MHB’s board was chaired by Clarence Ball for 25 years, including the entire time Jones was in office. Ball has routinely been one of Jones’ bigger financial contributors and even hired the ex-mayor after he left office. Ball’s son is running Jones’ current campaign. So they’re close.
While the mayor doesn’t have direct authority over the day-to-day operation of MHB, the way in which he does have power is in board appointments. During his eight years in office, Jones left in place Ball and others who oversaw the decline of public housing in Mobile. Not only did he not replace them, Jones didn’t even bother to reappoint them when their terms on the board were up. He just let things hang in limbo — until he lost the election. Then he made three appointments to the five-member board, including filling a position he’d left vacant more than a year. The two members he reappointed had each been on the board more than 20 years and re-upping their terms meant they would stay on the board throughout Stimpson’s first term.
The result was keeping Jones cronies in control of MHB until last year. Only because board vice president Donald Langham suddenly resigned just before the OIG report came down was Stimpson able to have enough of his own appointees on the board to start some house cleaning.
MHB has been a mess. Stimpson’s appointees to the board finally got rid of the flim-flam man Ball and Langham had hired as director, Dwayne Vaughn. One of Vaughn’s major sins had been to continue pushing the fiction that Mobile Development Enterprises was an entity separate from MHB — even though MDE employees worked at Housing Board desks, answered Housing Board phones and were paid through Housing Board accounts.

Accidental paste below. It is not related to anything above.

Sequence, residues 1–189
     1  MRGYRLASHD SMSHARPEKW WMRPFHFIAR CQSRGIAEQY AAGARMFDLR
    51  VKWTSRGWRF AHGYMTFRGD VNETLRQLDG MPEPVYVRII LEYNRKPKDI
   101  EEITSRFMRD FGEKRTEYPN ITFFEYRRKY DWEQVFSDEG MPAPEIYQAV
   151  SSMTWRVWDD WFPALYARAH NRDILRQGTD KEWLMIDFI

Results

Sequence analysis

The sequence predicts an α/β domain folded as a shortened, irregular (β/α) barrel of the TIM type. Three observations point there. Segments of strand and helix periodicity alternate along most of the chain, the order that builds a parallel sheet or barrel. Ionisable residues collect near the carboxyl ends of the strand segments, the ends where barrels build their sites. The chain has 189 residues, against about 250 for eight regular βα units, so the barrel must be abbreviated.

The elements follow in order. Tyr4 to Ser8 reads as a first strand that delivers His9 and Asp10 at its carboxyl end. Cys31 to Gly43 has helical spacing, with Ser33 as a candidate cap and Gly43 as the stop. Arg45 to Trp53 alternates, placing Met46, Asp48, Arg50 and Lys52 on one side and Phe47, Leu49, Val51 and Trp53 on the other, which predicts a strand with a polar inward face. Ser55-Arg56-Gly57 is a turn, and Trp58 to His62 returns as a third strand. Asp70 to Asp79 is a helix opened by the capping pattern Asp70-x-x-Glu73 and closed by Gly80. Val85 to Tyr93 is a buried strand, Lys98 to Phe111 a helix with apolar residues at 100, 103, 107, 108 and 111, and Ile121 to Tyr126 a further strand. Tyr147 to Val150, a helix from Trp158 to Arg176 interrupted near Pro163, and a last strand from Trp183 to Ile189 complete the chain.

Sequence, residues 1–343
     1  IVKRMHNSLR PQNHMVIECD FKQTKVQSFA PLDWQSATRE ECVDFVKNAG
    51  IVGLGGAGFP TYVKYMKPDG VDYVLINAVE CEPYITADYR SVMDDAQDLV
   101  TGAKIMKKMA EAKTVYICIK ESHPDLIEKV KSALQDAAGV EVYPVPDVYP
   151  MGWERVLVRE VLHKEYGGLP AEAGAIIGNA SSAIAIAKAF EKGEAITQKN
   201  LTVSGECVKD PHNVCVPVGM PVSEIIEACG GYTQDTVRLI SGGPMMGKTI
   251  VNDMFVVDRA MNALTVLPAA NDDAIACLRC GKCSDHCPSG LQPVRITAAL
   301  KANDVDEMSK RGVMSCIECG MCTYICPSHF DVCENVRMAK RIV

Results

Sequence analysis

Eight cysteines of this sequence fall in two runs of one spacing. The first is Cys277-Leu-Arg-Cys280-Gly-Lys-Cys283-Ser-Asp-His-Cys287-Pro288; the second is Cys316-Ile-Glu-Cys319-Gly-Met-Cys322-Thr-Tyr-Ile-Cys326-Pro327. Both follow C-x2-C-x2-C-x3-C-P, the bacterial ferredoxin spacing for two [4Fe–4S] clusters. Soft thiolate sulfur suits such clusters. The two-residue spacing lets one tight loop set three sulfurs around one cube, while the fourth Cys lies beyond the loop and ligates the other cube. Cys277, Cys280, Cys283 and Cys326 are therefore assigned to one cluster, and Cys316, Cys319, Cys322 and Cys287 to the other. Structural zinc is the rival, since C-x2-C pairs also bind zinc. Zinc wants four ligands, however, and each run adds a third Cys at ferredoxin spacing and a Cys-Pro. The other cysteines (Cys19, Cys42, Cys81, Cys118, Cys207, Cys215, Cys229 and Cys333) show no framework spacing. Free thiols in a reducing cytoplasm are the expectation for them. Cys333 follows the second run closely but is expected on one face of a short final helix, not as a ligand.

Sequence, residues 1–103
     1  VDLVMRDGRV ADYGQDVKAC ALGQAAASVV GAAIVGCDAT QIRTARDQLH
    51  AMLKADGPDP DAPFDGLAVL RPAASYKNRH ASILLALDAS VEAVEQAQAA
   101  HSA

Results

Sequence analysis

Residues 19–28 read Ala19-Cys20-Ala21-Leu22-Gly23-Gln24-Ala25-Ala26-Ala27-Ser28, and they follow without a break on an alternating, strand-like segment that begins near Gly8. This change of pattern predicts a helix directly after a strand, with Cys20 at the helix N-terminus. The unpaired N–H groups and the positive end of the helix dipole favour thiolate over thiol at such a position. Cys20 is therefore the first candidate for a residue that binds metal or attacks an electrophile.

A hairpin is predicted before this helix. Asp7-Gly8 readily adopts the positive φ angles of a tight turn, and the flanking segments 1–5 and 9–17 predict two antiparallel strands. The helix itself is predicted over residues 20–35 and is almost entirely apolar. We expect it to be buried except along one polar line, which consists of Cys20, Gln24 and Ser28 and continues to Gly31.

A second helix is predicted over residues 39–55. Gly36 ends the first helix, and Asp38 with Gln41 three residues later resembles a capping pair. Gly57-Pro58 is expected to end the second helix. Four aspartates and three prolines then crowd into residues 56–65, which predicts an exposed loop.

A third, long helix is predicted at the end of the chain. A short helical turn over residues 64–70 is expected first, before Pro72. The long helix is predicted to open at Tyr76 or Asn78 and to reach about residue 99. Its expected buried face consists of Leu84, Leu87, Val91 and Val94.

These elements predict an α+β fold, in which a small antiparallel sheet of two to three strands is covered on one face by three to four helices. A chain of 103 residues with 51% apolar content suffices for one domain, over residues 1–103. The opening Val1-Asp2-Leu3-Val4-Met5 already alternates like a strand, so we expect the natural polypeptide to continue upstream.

So far already OIG has peeled through this “nonprofit” that appeared primarily designed to allow the Housing Board to circumvent the county’s Personnel Board and also seems to have existed to make some unusual business deals. State Rep. Adline Clarke — who Jones helped get elected — also served as MDE’s vice president, and one of the things the OIG report questioned was a conflict of interest in $1.2 million in contracts her brother’s company, Superior Masonry, received through MDE. Now HUD is requiring the Housing Board to pay that money back.
Sam Jones’ influence over the Mobile Housing Board can’t be understated. His buddy and now employer ran the board and Jones never made any moves to clean up the problems. As most of the board members’ terms were expired when he took office, Jones could have replaced them. He didn’t. Then he let them stay eight more years and watched as they closed Josephine Allen without consulting HUD, costing MHB millions. He just watched as Roger Williams became a burned-out shell of what it had once been, where the remaining residents lived in squalor.
Keeping his political cronies happy and in control of the jobs and the money was far more important to Sam than making sure Mobile’s public housing wasn’t a travesty.
So why would black voters who watched all that happen want to put “Same Jones” back in so he can load MHB back up with his buddies?
“How do you know he’d do it all over again?” you might ask.
He did it before.